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Image of Admiral John E. Gingrich. Cropped from larger photograph at bottom of page. Photographic Section, Naval History and Heritage Command. Photo #: NH83899.



Admiral John E. Gingrich, US Navy


23 February 1897 - 26 May 1960

John Edward Gingrich was born in Dodge City, Kansas, on 23 February 1897, son of Edward G. and Bertha (Allen) Gingrich. He attended the University of Kansas in Lawrence, before his appointment to the US Naval Academy, Annapolis, Maryland, from his native state in 1916. He was graduated and commissioned Ensign on 7 June 1919, with the Class of 1920, and through subsequent promotions attained the rank of Vice Admiral, to date from 30 July 1953. On 1 October 1954 he was transferred to the Retired List of the US Navy, and was advanced to the rank of Admiral on the basis of combat awards.

After graduation from the Naval Academy in June 1919, he was assigned to the USS Pennsylvania, and from January 1920 until July 1921 served as Assistant Communications Officer on the Staff of Commander in Chief, Atlantic Fleet, still attached to the Pennsylvania, flagship. In August 1921 he was transferred to duty in the USS Maryland, in which he served until June 1925. He then returned to the Naval Academy where he was an instructor in the Department of Navigation for two years.

In May of 1927 he joined the USS Rochester, and served as Gunnery Officer of that cruiser until July 1930. For two years thereafter he had duty in connection with the Naval Reserve Officers' Training Corps Unit, Northwestern University, Evanston, Illinois. He commanded the USS Algorma from June 1932 until April 1934 when he was transfered to the USS Indianapolis to serve until June 1935. After a tour of duty in the Hydrographic Office, Navy Department, Washington, DC, he returned to sea to serve as Aide and Flag Secretary on the Staff of Commander Battleship Division 3, Battle Force, USS Idaho flagship; and a third year as Navigator of the USS New Mexico.

Reporting in August 1940 to the Navy Department, Washington, DC, he served as Aide to the Undersecretary of the Navy until May 1944, and as Aide to the Secretary of the Navy, from May until July 1944. He received a Letter of Commendation, with authorization to wear the Commendation Ribbon, from the Secretary of the Navy as follows: "For outstanding services as Aide to the Undersecretary of the Navy... (and later as) Aide to the Secretary... (He) rendered invaluable assistance in the improvement of the Navy's material, logistics and disciplinary organizations. His prompt recognition, judicial appraisal and intelligent solution of numerous vital problems arising during this critical period of rapid expansion contributed materially to the successful prosecution of the war..."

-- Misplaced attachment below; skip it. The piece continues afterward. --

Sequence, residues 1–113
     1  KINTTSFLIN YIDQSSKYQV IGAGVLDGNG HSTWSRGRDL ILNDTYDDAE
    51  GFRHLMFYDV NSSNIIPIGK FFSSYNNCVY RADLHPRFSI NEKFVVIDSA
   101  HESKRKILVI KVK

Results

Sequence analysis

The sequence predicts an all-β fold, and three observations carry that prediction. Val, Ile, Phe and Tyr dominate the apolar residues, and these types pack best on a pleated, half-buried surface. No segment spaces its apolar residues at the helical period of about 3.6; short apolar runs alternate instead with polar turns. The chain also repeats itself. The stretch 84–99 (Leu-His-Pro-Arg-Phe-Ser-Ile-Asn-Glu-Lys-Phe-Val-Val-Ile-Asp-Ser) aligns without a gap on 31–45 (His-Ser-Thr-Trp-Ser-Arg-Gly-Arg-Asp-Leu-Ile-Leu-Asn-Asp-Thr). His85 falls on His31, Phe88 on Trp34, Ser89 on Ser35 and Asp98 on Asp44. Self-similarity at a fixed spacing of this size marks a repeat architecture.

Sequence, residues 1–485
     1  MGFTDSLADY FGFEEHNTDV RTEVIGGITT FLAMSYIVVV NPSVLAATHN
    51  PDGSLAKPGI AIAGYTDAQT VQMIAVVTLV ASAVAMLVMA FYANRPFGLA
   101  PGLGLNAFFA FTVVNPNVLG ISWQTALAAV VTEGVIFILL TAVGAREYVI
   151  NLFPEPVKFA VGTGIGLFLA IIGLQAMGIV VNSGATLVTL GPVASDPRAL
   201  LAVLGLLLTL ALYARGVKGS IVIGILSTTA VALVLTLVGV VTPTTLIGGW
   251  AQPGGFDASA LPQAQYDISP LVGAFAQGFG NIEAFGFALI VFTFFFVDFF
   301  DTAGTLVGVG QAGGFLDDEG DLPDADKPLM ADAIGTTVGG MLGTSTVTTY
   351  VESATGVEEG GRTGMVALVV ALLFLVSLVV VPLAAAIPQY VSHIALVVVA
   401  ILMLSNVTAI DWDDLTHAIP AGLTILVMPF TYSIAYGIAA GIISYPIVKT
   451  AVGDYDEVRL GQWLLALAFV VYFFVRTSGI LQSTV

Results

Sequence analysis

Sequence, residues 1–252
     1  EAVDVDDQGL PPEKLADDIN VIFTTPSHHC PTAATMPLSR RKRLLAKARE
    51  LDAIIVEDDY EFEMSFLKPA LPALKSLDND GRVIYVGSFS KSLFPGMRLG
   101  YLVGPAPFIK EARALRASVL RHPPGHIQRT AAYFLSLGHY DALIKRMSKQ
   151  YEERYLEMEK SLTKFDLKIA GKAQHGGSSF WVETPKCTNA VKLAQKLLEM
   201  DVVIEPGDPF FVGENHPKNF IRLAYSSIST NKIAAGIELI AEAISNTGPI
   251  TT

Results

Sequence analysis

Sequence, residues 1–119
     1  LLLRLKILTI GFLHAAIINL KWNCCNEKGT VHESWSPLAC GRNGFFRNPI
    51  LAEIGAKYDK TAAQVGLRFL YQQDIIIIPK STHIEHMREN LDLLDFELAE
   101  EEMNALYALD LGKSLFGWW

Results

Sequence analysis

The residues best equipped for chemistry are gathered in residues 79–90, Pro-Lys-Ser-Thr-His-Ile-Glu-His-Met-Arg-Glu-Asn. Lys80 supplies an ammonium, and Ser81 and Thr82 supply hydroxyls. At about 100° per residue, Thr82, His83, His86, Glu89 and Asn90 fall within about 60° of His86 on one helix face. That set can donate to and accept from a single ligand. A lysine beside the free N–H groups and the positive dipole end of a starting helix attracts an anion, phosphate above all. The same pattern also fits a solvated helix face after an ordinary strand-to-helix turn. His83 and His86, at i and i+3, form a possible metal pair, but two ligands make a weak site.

After fitting out the USS Pittsburgh, he commanded that cruiser from her commissioning, 10 October 1944 until 3 September 1945. He was in command when the Pittsburgh, during operations against the Japanese in March 1945, protected and towed a seriously damaged aircraft carrier to safety, and when on 5 June 1945 she lost her bow in a Pacific Typhoon. The bow, floating stem up on the ocean, was later caught and towed to Guam, arriving a week after the Pittsburgh, which had received temporary repairs at a Pacific base before proceeding to the Navy Yard, Puget Sound, Washington for permanent repairs.

For outstanding services as Commanding Officer of the Pittsburgh, he was awarded the Silver Star Medal, the Legion of Merit, and a Gold Star in lieu of the second Legion of Merit. The citations follow in part:

Silver Star Medal: "For conspicuous gallantry and intrepidity as Commanding Officer of the USS Pittsburgh, in action against enemy Japanese forces off the Southern Coast of Honshu, Japan, on March 19, 1945. When a seriously damaged aircraft carrier lay dead in the water due to enemy action and was still being subjected to hostile air attacks, (he) skillfully passed a howser to the stricken vessel and towed her until she regained power to maintain cruising speed, at the same time directing his ship's batteries in providing protective cover..."
Legion of Merit: "For exceptionally meritorious conduct...as Commanding Officer of USS Pittsburgh during action against enemy Japanese forces in the Kyushu-Okinawa Area, from March 17, 1945, to the close of Fast Carrier Task Force Operations in this area...His alert and cool command of every situation which confronted him, and his precise execution of important assignments contributed immeasurably to the frustration of the enemy's desperate attempts to disrupt our Fleet operations supporting the assault on Okinawa..."